On January 28, 2008, President Bush signed the National Defense Authorization Act for FY 2008 (NDAA) (P.L. 110-181), which includes the first-ever expansion of the Family and Medical Leave Act (FMLA). Under the new law, eligible employees are entitled to take FMLA leave relating to a covered family member's service in the Armed Forces. Specifically, leave is available in two situations:
- Qualifying exigency. An eligible employee may take up to 12 weeks of FMLA leave during any 12-month period for "any qualifying exigency" arising from the fact that the employee's spouse, son, daughter or parent is on (or called to) active duty in the Armed Forces in support of a contingency operation. The term "any qualifying exigency" is not explained in the law, however. This provision will become effective after the U.S. Department of Labor (DOL) issues final regulations defining "any qualifying exigency."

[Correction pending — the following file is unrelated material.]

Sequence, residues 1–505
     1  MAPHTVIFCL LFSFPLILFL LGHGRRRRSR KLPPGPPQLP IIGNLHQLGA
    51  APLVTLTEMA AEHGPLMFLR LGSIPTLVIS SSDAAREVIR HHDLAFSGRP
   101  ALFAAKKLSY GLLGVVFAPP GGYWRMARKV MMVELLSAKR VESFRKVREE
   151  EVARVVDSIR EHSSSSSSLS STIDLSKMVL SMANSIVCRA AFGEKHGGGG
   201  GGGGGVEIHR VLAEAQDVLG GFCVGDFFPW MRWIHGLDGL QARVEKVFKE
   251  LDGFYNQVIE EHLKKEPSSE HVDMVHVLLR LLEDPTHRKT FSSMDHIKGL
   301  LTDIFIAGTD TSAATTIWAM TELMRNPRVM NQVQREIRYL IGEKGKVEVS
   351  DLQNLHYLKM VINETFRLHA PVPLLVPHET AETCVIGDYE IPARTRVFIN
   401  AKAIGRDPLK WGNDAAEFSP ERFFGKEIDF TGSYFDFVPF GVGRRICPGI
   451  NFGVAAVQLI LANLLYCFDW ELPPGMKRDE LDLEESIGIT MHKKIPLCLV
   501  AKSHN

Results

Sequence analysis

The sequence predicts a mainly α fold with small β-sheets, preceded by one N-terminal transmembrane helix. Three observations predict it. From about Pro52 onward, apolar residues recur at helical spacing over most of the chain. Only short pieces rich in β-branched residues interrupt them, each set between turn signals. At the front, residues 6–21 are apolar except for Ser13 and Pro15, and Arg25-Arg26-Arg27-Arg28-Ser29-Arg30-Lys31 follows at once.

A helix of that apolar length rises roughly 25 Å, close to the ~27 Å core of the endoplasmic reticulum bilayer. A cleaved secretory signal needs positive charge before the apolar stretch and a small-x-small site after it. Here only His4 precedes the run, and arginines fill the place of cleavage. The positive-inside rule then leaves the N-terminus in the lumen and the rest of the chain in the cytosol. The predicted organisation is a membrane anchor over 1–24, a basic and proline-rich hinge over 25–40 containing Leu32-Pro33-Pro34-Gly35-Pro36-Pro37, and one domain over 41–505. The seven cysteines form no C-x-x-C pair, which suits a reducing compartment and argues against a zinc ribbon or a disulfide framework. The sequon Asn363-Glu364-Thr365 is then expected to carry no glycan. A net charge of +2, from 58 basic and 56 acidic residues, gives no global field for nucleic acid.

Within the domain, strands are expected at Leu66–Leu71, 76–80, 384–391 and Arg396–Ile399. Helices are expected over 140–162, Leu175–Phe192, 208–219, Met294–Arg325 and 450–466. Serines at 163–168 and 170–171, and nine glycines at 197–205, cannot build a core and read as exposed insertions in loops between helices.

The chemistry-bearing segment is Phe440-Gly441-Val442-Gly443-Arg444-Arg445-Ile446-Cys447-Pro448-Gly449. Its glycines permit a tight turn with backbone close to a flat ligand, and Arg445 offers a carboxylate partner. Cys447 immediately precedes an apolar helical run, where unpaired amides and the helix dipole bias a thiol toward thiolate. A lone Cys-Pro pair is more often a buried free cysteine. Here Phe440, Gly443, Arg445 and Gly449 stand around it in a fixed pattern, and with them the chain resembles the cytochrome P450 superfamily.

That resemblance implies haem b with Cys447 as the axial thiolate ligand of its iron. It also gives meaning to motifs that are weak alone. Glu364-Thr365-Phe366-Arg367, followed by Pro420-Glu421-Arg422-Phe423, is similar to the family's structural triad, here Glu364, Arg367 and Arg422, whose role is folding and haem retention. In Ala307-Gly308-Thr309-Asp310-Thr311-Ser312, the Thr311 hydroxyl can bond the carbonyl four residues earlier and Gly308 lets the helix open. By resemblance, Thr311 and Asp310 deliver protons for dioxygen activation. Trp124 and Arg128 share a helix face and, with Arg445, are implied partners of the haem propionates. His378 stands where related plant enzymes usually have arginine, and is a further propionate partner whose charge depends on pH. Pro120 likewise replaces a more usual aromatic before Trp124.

- Care for injured or ill service member. An eligible employee, who is the spouse, son, daughter, parent or next of kin of a member of the Armed Forces (including the National Guard or National Reserves), may take up to 26 weeks of FMLA leave during a single 12-month period to care for a covered service member. The leave applies to service members who, for a serious injury or illness, are undergoing medical treatment, recuperation or therapy, or are otherwise in outpatient status or on the temporary disability retired list. The injury or illness must be incurred by the service member in the line of active duty and have the potential to render the service member unfit to perform the duties of his or her office, grade, rank or rating. This provision became effective when the law was signed.
Because the NDAA amends the FMLA, general FMLA procedures (such as those relating to notices and substitution of leave) must be used as appropriate. Other FMLA requirements (such as restoring a returning employee to an equivalent position and maintaining group health coverage for the employee) continue to apply.
In late 2008, the Department of Labor issued revised FMLA regulations that address the new law and many other issues that pertain to compliance and court cases.